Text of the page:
Mostly Mozart of San Diego made national headlines in 2020 when the organization responded to the COVID-19 shutdown by introducing drive-in classical music concerts.
“It’s strange because I think being the first to produce classical music live for the public, people see us as risk takers,” said Nancy Laturno, CEO and co-founder of Mainly Mozart. “We were risk takers, but we were very careful about bringing the public back inside. A lot of people thought we’d be back at the Balboa Theater last fall. But this summer, we maintain our commitment to outdoor concerts.
The Mainly Mozart All-Star Orchestra Festival will be held at the Del Mar Surf Cup Sports Park, starting tonight and running through Saturday, June 18. Tonight the festival opens with Mozart’s Clarinet Concerto, featuring Boris Allakhverdyan of the Los Angeles Philharmonic Orchestra and Beethoven’s Symphony. Number 4.
In 2016, a year after Mainly Mozart’s musical director Michael Francis joined the nonprofit, he launched the festival’s six-year journey exploring Mozart’s life and work. In 2019, the fourth year covered the personal and professional experience of the composer in Vienna.
“The pandemic has turned that upside down,” Laturno said. “This year ends the interrupted journey of six years, with Mozart’s Requiem as the last concert. The San Diego Master Chorale joins us in this.
“The concert shell and structure we create each year in Del Mar is a huge undertaking. Adding singers on stage and finding the right organ to use on the outside are huge challenges. Our Director of Operations, Katie McBride -Muzquiz, is a magician!
The magic created on the illuminated stage allows musicians to work even more magic. As in the past, the orchestra is made up of concertmasters and soloists from across the country.
This summer, the festival will feature notable soloists such as violinist Augustin Hadelich, pianist Gilles Vonsattel and cellist Maximilian Hornung performing pieces by Mozart, Saint-Saëns and many more.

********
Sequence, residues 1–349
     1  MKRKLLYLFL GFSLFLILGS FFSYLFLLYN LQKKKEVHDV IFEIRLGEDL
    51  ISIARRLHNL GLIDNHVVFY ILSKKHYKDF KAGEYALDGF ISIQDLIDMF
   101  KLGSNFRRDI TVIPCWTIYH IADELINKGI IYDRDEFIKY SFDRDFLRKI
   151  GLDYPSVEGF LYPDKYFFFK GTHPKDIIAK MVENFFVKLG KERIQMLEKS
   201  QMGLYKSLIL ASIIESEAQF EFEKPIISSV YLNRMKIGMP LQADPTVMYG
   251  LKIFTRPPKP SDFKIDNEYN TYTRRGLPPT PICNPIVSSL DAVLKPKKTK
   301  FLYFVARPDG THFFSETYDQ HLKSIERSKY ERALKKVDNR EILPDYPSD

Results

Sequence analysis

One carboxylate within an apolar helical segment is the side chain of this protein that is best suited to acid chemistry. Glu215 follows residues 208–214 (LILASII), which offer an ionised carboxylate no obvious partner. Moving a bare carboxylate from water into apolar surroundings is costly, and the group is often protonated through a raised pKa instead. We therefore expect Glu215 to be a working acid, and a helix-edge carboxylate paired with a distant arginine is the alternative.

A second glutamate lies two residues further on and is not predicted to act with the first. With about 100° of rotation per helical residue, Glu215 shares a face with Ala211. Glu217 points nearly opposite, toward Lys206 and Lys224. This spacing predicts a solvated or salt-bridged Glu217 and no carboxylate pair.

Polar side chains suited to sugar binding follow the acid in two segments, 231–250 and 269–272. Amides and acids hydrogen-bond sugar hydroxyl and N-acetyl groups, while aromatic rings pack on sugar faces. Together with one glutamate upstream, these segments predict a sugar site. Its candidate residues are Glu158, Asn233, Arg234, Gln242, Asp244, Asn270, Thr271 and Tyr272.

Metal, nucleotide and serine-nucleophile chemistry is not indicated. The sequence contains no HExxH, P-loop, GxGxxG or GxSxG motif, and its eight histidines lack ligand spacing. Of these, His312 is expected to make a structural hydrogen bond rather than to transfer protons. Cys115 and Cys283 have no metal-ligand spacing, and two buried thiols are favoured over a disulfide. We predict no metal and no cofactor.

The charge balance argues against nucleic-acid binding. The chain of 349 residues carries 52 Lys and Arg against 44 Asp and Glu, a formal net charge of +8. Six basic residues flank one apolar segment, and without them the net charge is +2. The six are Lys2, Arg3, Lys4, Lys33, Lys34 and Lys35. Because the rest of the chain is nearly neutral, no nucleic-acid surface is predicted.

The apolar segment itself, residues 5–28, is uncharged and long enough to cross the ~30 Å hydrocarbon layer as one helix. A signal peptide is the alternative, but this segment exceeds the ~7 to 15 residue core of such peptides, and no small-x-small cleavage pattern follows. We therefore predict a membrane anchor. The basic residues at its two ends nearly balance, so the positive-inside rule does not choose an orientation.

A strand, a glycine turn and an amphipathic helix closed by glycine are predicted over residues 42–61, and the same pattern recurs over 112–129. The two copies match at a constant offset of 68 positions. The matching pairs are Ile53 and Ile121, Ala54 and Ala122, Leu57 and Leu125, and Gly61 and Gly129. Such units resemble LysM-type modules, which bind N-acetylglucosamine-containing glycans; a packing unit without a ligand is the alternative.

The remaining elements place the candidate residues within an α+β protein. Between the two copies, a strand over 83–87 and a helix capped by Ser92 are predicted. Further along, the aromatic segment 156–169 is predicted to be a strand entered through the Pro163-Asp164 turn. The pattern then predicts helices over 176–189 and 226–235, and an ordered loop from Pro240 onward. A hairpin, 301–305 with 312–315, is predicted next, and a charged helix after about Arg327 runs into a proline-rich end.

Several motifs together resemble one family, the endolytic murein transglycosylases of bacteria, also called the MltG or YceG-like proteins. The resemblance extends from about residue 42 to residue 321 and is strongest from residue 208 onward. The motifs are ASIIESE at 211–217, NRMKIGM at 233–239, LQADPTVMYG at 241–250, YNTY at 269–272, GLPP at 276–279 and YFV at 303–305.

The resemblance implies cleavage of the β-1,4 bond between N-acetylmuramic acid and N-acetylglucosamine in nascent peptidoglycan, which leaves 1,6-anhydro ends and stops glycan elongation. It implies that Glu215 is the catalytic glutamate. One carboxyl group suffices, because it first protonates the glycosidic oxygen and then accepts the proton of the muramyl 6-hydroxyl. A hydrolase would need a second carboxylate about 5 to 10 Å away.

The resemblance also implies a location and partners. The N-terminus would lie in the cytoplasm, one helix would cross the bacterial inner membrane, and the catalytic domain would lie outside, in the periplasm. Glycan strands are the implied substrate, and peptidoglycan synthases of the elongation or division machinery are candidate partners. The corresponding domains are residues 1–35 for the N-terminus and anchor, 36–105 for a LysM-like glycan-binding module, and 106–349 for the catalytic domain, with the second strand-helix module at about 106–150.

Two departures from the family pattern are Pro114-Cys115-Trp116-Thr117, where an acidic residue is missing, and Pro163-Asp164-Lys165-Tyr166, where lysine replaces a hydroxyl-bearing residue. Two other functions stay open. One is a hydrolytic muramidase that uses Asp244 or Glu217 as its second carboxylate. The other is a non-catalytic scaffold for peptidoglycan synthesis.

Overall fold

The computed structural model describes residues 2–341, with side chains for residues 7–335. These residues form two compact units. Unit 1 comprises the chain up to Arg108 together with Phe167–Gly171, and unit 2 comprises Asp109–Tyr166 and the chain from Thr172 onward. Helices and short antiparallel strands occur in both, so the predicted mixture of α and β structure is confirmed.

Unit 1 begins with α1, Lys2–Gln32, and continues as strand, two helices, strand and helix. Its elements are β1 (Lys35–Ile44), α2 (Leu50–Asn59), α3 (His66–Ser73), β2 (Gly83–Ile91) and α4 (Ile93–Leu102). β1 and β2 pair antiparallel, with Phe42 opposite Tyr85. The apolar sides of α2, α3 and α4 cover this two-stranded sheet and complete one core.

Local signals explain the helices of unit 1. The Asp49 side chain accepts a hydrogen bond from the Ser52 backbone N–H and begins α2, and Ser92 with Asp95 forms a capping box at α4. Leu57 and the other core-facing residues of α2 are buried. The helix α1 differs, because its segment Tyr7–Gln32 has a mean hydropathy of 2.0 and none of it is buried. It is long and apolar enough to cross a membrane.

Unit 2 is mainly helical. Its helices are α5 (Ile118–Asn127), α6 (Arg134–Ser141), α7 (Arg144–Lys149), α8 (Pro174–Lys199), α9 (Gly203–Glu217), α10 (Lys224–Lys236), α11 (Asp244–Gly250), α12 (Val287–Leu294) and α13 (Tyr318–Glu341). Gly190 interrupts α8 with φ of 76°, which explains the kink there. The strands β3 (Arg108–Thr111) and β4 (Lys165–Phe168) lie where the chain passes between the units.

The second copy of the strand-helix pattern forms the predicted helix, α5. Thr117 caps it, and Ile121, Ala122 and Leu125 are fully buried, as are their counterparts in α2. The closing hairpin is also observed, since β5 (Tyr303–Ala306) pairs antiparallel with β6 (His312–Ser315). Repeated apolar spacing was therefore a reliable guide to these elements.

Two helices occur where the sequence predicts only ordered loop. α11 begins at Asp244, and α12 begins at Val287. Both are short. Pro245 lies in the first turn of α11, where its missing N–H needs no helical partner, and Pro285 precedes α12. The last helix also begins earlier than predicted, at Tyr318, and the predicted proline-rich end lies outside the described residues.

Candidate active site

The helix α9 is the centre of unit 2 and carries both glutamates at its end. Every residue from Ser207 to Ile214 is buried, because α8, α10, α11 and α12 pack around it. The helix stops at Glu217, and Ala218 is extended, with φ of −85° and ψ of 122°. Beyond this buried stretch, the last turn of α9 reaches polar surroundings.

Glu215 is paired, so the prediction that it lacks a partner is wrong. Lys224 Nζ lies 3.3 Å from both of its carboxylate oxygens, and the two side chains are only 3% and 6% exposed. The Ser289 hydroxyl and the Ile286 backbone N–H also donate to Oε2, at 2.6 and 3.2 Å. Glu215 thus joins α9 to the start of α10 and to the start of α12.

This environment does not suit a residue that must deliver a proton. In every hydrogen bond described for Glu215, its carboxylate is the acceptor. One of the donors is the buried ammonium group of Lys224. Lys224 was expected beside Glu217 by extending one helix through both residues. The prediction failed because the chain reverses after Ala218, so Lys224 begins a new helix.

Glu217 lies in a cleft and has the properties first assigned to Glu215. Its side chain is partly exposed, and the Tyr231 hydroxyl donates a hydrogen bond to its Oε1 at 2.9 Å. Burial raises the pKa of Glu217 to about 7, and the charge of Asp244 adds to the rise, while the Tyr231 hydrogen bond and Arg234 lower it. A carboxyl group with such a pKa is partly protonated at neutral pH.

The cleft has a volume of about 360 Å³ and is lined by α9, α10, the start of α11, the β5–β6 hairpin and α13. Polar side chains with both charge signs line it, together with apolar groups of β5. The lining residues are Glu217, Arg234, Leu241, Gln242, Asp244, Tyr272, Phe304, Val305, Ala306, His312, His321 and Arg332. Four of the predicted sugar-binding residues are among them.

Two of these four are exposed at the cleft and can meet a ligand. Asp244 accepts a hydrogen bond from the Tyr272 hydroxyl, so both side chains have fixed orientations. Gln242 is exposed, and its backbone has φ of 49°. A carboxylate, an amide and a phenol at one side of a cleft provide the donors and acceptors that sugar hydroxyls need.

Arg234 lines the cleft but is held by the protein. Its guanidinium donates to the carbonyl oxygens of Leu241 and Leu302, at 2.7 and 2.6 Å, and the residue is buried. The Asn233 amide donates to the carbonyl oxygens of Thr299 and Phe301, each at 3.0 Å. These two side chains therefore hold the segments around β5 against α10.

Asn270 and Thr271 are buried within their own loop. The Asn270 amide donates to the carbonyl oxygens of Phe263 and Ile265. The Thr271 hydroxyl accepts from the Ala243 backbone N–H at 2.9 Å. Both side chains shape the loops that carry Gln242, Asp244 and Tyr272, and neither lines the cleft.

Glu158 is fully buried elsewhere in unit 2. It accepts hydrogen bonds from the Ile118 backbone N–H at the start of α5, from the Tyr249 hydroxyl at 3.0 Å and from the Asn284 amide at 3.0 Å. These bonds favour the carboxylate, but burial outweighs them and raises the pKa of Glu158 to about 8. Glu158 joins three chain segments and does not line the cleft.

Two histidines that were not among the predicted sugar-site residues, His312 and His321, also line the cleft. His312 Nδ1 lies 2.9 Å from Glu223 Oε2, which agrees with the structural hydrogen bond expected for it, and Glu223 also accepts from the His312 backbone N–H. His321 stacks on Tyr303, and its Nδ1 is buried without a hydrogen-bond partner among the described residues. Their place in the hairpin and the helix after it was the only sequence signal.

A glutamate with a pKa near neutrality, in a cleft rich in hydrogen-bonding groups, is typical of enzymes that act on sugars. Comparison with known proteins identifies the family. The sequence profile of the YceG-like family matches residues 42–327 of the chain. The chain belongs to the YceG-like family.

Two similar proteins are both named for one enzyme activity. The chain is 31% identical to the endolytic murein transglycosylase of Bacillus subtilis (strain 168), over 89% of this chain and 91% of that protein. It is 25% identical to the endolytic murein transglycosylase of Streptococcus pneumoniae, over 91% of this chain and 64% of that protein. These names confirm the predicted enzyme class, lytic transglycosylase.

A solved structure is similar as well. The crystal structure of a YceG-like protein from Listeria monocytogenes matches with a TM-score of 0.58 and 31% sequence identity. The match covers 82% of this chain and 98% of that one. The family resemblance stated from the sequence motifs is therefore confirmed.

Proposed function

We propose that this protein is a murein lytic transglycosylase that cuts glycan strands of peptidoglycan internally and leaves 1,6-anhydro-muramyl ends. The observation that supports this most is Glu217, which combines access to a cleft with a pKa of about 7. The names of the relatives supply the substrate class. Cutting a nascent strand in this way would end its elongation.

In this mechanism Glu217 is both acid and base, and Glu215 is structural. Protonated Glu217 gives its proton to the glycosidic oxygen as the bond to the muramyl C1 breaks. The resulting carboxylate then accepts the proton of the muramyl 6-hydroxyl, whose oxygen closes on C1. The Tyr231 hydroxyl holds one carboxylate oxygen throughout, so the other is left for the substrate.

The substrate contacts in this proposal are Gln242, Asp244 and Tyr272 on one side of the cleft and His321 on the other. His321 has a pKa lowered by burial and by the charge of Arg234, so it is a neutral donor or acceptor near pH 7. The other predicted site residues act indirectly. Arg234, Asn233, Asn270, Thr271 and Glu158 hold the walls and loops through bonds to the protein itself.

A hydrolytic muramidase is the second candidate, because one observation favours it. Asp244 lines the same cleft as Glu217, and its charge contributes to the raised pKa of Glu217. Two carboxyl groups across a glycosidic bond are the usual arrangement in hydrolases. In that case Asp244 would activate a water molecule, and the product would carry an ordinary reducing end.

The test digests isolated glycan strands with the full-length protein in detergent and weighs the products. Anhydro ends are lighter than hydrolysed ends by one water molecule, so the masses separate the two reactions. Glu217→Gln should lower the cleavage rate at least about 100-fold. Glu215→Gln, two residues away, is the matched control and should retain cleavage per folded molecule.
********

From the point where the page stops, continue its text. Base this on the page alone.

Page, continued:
“Michael Francis is an extraordinary programmer,” said Laturno. “And then he adds richness to it with his stage narration. He surprised me more than once and made me cry.
Mendelssohn and Hadelich
On Tuesday, Hadelich will perform Mendelssohn’s Violin Concerto.
“Mostly Mozart is a wonderful ensemble to play with as a soloist,” said the violinist, speaking from a stop on the tour in Frankfurt, Germany.
“Every member is so excellent and responsive. Because a lot of the orchestra members are used to being in charge, there’s an energy that keeps it alive. They are all musicians with whom I really like to play.
Winner of a 2016 Grammy Award for Best Classical Instrumental Solo, Hadelich was born in Italy to a German farming family. At 15, his promise as a violinist was shattered when he was seriously injured in a fire. After almost two years of rehabilitation, Hadelich resumed his studies and became a professional violinist.
When not touring, he is based near New Haven, Connecticut, where he teaches a handful of students at the Yale School of Music. He and his wife, Suxiao Yang, have a 2-year-old toddler.
Mendelssohn’s Concerto is one of the composer’s most performed and most popular pieces. According to Hadelich, it is also a groundbreaking masterpiece and one of Mendelssohn’s least appreciated works.
“The right way was to have the orchestra do some introductory music at the start,” said the violinist, who considers the concerto one of the most delicate and difficult works to perform. “But the violin immediately begins the piece. It’s a very fast-paced game that keeps you on the edge of your seat.
“In contrast, the second theme is calm, tender and blissful. The last movement is light and transparent. Mendelssohn wanted the play to be a thrilling ride. It is and it’s really exhilarating at the end.
Mainly Mozart All-Star Orchestra Festival presents The Virtuoso & Don Giovanni, with Augustin Hadelich
When: 7:30 p.m. Tuesday. The festival runs today until June 18.
Where: Del Mar Surf Cup Sports Park, 14989 Via de la Valle, Del Mar
Tickets: $60 for a group of up to four people in seats in section B (general admission); $120 for a party of up to four in Section A. VIP seating is available for $500 for a table for four or $1,000 for a VIP table for four in a prime location. Two seats at a VIP table for four people cost $300 and $600 respectively.
Call: (619) 239-0100
On line: mainly mozart.org